The strength of excessive depth is also a weakness, as it necessitates losing prospects that are unable to fit into the team’s system but have proven their mettle at the minor-league level. While these cuts and trades are made for the sake of progress, it’s disheartening to see players like Teddy Purcell and Matt Moulson blossom after leaving the organization. Once highly-touted Oscar Moller has signed in Sweden for next season after seeing his opportunity to play with the Kings diminish over the past three seasons, going from 40 games played as rookie pro to just 13 last year.

The defensive group lacks a young, stable defensive presence. Matt Greene is just 28 but plays an aggressive style that lands him in the penalty box with frequency. Drew Doughty and Jack Johnson have proven themselves as capable NHL defensemen with great two-way talent but boast a similar brashness. The two most dependable blueliners on the roster, Willie Mitchell and Rob Scuderi, are 34 and 32, respectively. Most of the prospects coming up through the system are two-way types or offensive defensemen, with only Kevin Gravel playing a mistake-free, stay-at-home style. It is an issue that the Kings may choose to continue to address through free agency, rather than development.


Draft Tendencies

Save for a drastic trade, with the Kings’ first selection coming in the second round at the 49th spot, it’s safe to say that they won’t come away from this draft with a prospect that is considered star-caliber on draft day. Instead, it’s more likely that they will take a similar route as in recent drafts, selecting hard-working character types and using late picks on players with high-end skill marred with question marks that force them down draft boards. Skilled but defensively-capable prospects such as Clifford and Wayne Simmonds, both second-round picks, have been able to ascend and fill depth roles soon after being drafted, allowing projects such as Loktionov, Maxim Kitsyn, and Brandon Kozun time to develop.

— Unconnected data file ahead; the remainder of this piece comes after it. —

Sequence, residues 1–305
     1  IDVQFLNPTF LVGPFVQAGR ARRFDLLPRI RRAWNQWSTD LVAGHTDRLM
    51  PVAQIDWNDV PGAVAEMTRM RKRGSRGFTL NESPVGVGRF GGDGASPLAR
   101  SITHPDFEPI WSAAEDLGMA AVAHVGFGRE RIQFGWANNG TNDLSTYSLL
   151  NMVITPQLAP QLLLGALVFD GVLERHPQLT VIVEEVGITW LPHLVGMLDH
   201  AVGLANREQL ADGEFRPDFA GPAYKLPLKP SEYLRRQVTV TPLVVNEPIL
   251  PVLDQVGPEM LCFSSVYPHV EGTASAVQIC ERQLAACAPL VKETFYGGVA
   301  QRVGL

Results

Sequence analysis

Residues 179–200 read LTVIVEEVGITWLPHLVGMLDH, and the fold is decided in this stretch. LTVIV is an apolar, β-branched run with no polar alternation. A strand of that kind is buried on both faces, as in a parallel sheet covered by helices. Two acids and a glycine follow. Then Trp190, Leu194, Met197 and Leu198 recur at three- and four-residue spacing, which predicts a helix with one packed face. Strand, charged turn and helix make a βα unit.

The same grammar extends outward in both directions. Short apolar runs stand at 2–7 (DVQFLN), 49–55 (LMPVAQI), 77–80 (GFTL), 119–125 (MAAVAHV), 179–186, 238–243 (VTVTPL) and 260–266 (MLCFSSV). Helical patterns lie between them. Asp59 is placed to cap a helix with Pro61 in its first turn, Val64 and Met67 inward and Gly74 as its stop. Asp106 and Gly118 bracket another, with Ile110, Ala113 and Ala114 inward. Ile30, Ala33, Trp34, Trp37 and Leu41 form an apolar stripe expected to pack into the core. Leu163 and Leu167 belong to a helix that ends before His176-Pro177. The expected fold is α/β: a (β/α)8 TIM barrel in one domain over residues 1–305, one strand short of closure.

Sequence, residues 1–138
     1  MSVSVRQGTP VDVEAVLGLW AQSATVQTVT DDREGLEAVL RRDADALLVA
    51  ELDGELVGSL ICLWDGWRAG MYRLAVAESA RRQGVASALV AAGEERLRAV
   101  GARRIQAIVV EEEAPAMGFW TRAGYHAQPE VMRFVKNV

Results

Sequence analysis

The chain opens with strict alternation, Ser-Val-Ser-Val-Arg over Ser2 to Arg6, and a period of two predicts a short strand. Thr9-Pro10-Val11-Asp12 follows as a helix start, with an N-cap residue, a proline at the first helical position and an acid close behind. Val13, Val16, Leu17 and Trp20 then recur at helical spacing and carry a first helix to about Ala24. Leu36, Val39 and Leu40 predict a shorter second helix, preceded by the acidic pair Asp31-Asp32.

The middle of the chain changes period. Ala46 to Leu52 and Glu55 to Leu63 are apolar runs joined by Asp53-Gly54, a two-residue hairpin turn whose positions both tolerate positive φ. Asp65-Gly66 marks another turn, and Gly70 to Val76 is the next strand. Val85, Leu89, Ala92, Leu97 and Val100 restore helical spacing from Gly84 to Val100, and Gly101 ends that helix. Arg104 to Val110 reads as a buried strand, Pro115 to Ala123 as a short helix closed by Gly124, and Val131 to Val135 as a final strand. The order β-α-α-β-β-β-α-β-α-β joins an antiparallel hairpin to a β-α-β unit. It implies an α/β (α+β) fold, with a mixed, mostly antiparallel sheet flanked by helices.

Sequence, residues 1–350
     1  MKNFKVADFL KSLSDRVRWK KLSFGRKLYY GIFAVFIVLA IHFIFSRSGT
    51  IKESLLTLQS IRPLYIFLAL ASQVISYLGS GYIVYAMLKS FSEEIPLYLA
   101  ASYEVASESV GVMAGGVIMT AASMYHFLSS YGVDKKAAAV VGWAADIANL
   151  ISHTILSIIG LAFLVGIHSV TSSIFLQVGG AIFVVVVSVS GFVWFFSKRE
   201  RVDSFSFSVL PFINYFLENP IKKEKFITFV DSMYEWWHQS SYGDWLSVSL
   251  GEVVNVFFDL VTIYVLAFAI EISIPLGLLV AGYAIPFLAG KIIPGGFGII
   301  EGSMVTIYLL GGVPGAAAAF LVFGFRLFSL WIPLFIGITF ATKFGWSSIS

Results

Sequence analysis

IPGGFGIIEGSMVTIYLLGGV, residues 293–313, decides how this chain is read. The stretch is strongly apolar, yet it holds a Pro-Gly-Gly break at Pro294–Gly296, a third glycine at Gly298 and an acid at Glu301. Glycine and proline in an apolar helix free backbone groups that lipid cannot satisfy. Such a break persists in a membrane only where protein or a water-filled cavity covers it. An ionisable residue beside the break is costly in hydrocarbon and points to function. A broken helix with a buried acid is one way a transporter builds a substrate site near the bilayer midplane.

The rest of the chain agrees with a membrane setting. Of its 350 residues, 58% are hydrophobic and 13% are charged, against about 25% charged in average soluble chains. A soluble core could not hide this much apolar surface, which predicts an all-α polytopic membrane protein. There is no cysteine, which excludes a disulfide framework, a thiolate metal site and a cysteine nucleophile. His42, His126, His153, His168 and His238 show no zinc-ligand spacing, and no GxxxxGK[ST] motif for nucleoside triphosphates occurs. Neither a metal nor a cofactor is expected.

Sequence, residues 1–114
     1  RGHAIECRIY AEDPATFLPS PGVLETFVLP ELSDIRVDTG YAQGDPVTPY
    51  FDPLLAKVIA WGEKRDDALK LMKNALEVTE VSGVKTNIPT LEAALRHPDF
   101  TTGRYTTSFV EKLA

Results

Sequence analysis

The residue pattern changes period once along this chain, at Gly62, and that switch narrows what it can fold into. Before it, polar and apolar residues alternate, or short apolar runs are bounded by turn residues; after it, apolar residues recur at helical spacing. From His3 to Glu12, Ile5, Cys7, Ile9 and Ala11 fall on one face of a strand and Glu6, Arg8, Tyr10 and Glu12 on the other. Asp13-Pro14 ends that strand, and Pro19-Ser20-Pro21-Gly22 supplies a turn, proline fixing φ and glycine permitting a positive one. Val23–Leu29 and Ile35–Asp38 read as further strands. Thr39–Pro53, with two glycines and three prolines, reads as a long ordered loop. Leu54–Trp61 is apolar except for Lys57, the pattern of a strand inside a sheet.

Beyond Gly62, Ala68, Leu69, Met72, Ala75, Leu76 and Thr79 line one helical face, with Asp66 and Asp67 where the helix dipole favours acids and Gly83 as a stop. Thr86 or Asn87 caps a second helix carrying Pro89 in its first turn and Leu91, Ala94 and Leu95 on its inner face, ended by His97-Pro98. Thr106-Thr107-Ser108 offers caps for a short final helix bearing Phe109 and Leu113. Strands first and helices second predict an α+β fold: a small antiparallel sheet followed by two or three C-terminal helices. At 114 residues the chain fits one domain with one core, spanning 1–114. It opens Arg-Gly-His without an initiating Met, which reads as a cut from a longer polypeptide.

Lombardi’s staff has focused mostly on Canadian junior hockey with 25 of their 34 selections in the past four drafts coming from the CHL. Other than three Russians and one Swede selected during that span, the team has avoided European talent. All four of those prospects were brought over to play North American hockey in the season after their draft year, implying that the Kings had some inkling of their willingness to do so before selecting them.

Despite the free agent addition of Jones in net, with just two of their last 34 picks spent on goalies and none of their five from last year’s draft, the Kings will be looking to add at least one netminding prospect to the stable.

Having thoroughly rounded out the defense but now lacking scoring ability up front, logic dictates that the team will turn their focus to addressing that issue, particularly in a draft where for the picks past the first third of the first round, taking the best player available is by no means a universally agreeable decision. Prospects such as Matt Puempel, Lucas Lessio, and Ty Rattie are a few of the many skilled forwards who could be drafted anywhere from 15th to 50th and are undoubtedly on the Kings’ radar.